1 - 2 is the most damaging simple overcall; when the next player has values and 4-2 in the majors, he is stuck.

So do it.
Nov. 29
You are ignoring the author of this comment. Click to temporarily show the comment.
Don't forget that Goren's market was the novice/improver class. When he says “… no matter what…”, I'm sure that was not meant to be a definitive statement of the Reese/Ottlik type.
Nov. 29
You are ignoring the author of this comment. Click to temporarily show the comment.
I believe the “first class team” was Jordan-Robinson and Truscott-Truscott.

I referred to them in an article:
http://bridgewinners.com/article/view/on-the-actions-of-administrators/

In the early 70s, an American team, Jordan - Robinson, Truscott - Truscott, came to Australia to play some exhibition matches. The captain was Alfred Sheinwold.

It came to pass that there was an appeal, and Sheinwold was asked his opinion as to the merit of this appeal.

AS: Yes, yes, I see. Very interesting. Well, in America we have a word, a technical term, to describe this sort of thing. I don't know, perhaps you don't have this technical term in Australia. Perhaps it's only used in America.

Sheinwold was asked what this word was.

AS: The word is, BULLSHIT!
Nov. 28
You are ignoring the author of this comment. Click to temporarily show the comment.
I don't doubt that it may be wiser to settle than stay the distance… may the Lord grant me such wisdom.

However, there is more to it than a cover-up of cheating, and that is, if the truth were to have come out, it would show that a high-level bridge appeals committee knowingly made false findings. A very serious matter in the bridge world, of little/no interest to outsiders.

It is my opinion that we see this happening twice:

- Schneider-Reithoffer and Facchini-Zucchelli were observed cheating by external parties (unless one believes that what Truscott wrote about being co-opted by O-P is a fabrication)

- Committees were convened and found S-R and F-Z not guilty of cheating

- S-R and F-Z ended their representative careers at that point as a part of a covert deal

- If the facts came out, the false findings of the committees (EBL and WBF) would become apparent

- If Truscott spoke, or the WBF didn't suppress the specifics of the six F-Z deals that Keidan observed, the cat would be out of the bag and the fur would fly


So, there is, in my view, quite possibly more to the matter than saving costs; namely, covering-up bridge corruption that was used to “minimize the scandal”.

Don't forget, the (bridge) stakes were high:

Truscott, above:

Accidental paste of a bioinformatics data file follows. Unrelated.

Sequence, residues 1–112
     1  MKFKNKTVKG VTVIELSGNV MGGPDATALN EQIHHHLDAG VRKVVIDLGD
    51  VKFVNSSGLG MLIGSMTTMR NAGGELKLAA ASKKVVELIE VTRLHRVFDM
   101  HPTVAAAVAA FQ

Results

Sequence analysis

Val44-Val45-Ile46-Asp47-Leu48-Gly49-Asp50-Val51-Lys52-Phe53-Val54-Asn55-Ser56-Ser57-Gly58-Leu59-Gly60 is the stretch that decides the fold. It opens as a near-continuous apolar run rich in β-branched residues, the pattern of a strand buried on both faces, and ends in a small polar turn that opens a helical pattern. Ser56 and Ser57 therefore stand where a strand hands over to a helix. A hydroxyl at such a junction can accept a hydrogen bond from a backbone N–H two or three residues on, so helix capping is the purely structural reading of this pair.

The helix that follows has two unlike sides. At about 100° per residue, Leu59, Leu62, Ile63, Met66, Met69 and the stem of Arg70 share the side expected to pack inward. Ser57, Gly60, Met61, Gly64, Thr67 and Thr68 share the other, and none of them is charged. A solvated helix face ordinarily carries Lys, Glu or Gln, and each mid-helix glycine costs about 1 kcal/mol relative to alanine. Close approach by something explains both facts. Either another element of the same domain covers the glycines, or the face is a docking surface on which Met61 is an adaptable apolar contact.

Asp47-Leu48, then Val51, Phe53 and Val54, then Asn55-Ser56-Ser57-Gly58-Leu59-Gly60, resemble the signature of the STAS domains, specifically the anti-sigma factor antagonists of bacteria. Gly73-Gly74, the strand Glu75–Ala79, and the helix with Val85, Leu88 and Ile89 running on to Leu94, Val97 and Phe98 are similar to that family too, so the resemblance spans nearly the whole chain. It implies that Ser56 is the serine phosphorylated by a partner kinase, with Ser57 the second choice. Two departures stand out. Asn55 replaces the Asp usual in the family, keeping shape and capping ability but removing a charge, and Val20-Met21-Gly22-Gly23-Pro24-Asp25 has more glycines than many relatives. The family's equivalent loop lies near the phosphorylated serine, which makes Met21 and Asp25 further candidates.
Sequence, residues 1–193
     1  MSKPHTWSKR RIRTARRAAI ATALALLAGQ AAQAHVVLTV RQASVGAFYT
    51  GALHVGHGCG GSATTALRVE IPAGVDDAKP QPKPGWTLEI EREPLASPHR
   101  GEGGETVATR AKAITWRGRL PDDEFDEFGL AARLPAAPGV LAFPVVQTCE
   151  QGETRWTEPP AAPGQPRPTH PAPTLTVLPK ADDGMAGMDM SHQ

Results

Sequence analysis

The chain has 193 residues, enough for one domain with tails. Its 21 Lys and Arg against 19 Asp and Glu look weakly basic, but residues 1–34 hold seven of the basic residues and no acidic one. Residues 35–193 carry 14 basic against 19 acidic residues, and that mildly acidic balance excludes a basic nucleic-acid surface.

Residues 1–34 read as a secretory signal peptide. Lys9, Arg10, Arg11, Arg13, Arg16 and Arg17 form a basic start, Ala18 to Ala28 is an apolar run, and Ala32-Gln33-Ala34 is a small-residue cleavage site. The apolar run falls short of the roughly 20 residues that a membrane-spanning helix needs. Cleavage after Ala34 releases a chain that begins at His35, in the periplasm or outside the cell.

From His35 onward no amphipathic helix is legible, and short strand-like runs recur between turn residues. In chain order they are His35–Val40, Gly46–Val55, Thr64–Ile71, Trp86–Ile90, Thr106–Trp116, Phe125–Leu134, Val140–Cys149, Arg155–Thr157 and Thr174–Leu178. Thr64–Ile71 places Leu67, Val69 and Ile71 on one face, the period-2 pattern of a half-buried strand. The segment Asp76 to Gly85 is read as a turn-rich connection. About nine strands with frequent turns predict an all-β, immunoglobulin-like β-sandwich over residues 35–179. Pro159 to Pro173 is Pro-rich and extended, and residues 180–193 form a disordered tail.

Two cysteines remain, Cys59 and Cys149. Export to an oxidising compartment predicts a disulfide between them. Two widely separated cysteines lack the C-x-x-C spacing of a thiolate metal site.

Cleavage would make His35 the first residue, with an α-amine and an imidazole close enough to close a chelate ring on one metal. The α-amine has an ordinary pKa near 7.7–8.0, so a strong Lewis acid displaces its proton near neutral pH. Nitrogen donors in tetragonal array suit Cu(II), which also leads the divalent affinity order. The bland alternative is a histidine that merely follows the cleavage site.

Reithoffer was the president of the Austrian Federation, and in overall charge of the tournament organization and hospitality. An open accusation and condemnation might have resulted in the hosts closing down everything, leaving the European Championships unfinished.

Logan Daily News, 27 January 1975:
The World Bridge Federation called a meeting to consider the accusation and temporarily rescheduled the match for this afternoon. However, the Italian team said it would quit the tournament if the two players were suspended.
Nov. 28
You are ignoring the author of this comment. Click to temporarily show the comment.
Viewing some of these comments at 06:30 PC (Pre-Coffee) has put me in a sourer wake-up mood than usual, should that be possible.

doubling Meredith when he had bid spades was not necessarily anti-percentage.

I can't say that I place any great faith in an unsubstantiated account alleging a speculative double.

Meredith, was known to have a predilection for bidding the spade suit…



The writers seem to overlooked:

Watching the Austrians, Patiño noted… After sorting their hands, Schneider and Reithoffer would invariably hold the cards in a block on the table, either vertically or horizontally Sometimes the left hand was used, and sometimes the right. Sometimes the cards were angled, with a rocking motion.

After taking notes and analyzing them carefully in private, Ortiz-Patiño broke the code. The movements were ace-showing, and when he returned to watch he could predict the aces held by either player without being able to see the cards.

…He showed me the code and I stood in the audience behind Reithoffer. Looking at the hand positions, I could predict accurately which aces the two players held.



Clearly, an examination of one hand against one player in one match has little standing against what we see in bold above. If true (that a person could predict ace-count by the player's hand-gestures), then we have a bona fide case of cheating on our hands.

I believe a similar event occurred with Sion-Cokin; people given the code could identify the players unseen holdings.


Graham is on the right track:
… I do wonder what you mean when you question Truscott's reliability. Do you think he could have made the whole thing up, or are you questioning his claim that he could accurately predict the number of aces in hands he could not see? Or something else?

…Presumably it is possible to check with a reasonable degree of accuracy whether the Austrian pair really did play together again.


Here are their placings in European Championships:
Second in 1951 and 1957, and third in 1952, 1954 and 1956.

I can find no record of either playing again; particularly strange given Schneider's reputation as one of the greatest cardplayers. He (1904-1977) was not an old man in 1957.


Furthermore, Truscott's book was published 2002 in while O-P died in 2013. Does anyone really think that nothing would have been done about a detailed lunatic fabrication?

I have a strong suspicion that some people's love of being a nay-sayer over-rode their critical thinking.
Nov. 27
1 2 3 4 5 6 7 8 9 ... 128 129 130 131
.

Bottom Home Top